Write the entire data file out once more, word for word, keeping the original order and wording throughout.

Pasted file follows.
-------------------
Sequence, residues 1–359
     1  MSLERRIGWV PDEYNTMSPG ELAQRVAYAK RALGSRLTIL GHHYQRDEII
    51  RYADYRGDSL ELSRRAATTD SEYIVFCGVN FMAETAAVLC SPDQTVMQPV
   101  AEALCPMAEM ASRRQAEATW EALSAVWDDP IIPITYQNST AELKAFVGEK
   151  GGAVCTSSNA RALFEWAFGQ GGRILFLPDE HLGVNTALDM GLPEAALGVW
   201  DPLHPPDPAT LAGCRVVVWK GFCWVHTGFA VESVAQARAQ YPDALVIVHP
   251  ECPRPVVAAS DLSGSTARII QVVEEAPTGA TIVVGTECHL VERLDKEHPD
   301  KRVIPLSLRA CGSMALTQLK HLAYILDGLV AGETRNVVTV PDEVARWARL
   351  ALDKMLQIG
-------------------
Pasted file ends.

Sequence, residues 1–359
     1  MSLERRIGWV PDEYNTMSPG ELAQRVAYAK RALGSRLTIL GHHYQRDEII
    51  RYADYRGDSL ELSRRAATTD SEYIVFCGVN FMAETAAVLC SPDQTVMQPV
   101  AEALCPMAEM ASRRQAEATW EALSAVWDDP IIPITYQNST AELKAFVGEK
   151  GGAVCTSSNA RALFEWAFGQ GGRILFLPDE HLGVNTALDM GLPEAALGVW
   201  DPLHPPDPAT LAGCRVVVWK GFCWVHTGFA VESVAQARAQ YPDALVIVHP
   251  ECPRPVVAAS DLSGSTARII QVVEEAPTGA TIVVGTECHL VERLDKEHPD
   301  KRVIPLSLRA CGSMALTQLK HLAYILDGLV AGETRNVVTV PDEVARWARL
   351  ALDKMLQIG